In the recently published ‘Oxford Modern English Grammar’, Bas Aarts classifies pronouns with nouns and not as a separate word class. In this, he follows the authors of ‘The Cambridge Grammar of the English Language’. Is this now a widely accepted practice in pedagogic circles on both sides of the Atlantic?
The answer to your question depends on what you mean by "...classifies pronouns with nouns and not as a separate word class." If you mean that Bas Aarts says that pronouns are a subclass of nouns, then the answer is yes: pronouns are taught and understood to be a type of noun.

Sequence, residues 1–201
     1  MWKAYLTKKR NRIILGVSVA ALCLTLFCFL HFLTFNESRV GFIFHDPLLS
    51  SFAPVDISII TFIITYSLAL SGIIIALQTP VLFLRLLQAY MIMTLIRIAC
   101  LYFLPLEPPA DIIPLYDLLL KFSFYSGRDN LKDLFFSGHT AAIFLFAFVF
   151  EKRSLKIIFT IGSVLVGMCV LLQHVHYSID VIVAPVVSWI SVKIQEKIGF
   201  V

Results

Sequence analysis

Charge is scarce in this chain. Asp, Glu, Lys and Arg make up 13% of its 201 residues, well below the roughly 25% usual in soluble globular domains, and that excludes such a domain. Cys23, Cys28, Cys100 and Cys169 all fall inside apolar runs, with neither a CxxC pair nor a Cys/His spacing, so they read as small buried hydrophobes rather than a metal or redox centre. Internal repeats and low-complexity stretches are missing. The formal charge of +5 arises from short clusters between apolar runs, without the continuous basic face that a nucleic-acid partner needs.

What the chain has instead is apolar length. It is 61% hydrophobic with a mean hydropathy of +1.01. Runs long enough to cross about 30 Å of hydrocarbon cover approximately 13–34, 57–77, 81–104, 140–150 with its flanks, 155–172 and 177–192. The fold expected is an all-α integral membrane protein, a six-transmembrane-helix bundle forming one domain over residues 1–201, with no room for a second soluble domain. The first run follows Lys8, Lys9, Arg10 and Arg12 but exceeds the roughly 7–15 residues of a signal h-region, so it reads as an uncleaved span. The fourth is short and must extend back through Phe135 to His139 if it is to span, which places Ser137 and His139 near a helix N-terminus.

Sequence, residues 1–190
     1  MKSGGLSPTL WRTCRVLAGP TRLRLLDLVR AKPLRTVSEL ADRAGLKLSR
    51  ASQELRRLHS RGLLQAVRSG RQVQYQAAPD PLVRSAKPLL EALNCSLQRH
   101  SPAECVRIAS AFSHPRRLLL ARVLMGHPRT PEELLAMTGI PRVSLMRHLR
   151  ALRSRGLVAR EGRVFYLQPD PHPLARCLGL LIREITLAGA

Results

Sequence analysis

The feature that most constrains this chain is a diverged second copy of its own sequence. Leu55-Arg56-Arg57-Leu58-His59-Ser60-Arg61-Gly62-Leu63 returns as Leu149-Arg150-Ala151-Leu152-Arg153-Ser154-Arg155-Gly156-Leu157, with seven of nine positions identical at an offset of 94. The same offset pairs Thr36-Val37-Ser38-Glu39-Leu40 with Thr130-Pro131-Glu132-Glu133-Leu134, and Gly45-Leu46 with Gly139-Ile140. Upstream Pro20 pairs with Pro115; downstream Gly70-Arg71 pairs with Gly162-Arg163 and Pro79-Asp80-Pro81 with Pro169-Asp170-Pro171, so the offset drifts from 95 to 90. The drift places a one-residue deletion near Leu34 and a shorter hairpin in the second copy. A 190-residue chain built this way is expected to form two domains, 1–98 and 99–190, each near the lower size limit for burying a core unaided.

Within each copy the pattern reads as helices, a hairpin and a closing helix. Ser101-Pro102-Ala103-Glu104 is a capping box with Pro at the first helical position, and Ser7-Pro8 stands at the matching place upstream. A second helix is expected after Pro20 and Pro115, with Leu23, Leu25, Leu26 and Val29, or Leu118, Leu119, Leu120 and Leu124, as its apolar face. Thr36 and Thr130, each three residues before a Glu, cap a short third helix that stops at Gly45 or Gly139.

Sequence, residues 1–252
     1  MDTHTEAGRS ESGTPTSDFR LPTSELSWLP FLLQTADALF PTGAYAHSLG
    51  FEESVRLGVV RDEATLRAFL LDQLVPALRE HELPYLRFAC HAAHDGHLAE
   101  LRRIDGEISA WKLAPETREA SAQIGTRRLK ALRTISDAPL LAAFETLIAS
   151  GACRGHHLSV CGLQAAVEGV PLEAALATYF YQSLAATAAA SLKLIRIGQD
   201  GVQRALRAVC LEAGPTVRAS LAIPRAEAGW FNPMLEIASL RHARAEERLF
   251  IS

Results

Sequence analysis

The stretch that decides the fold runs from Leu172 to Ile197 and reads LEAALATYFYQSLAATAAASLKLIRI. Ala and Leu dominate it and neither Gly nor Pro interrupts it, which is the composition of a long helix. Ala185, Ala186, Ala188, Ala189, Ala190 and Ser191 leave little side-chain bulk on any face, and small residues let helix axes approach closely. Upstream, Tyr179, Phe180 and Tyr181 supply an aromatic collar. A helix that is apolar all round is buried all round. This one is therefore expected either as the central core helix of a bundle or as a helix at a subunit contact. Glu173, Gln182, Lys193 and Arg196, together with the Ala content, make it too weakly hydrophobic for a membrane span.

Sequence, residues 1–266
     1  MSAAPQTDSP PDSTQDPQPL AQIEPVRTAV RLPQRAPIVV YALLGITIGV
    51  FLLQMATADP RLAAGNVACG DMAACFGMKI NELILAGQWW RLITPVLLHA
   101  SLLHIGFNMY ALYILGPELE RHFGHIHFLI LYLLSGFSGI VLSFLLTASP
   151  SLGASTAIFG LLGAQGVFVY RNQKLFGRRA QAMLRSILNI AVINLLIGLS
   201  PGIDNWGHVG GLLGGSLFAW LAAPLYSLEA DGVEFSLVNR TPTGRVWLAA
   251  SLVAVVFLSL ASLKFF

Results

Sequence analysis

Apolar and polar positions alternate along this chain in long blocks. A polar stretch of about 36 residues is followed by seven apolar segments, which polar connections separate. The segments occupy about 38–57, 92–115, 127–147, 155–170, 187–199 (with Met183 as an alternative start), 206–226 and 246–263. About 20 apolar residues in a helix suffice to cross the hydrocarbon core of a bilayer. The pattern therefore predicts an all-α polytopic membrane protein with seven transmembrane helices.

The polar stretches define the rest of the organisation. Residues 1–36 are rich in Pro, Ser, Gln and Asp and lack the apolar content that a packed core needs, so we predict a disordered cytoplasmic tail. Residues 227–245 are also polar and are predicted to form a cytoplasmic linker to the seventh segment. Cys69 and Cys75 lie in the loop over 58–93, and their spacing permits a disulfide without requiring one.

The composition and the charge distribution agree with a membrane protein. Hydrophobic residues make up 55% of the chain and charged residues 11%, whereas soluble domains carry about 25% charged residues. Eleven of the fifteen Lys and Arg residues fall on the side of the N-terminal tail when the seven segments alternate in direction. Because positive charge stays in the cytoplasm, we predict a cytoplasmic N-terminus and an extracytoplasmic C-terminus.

If you mean that Aarts does not draw any distinction between pronouns and other nouns, then no, pronouns are still taught and understood to be distinct from other nouns by reason of their anaphoric nature.
If you mean, however, that distinctions are drawn between anaphoric nouns and other nouns, but the name pronoun is not kept (i.e. pronouns as well as all other nouns are called nouns and nothing else), then the answer is no. Anaphoric nouns are still commonly called pronouns.
I'd regard pronouns as a subclass of anaphoric reference.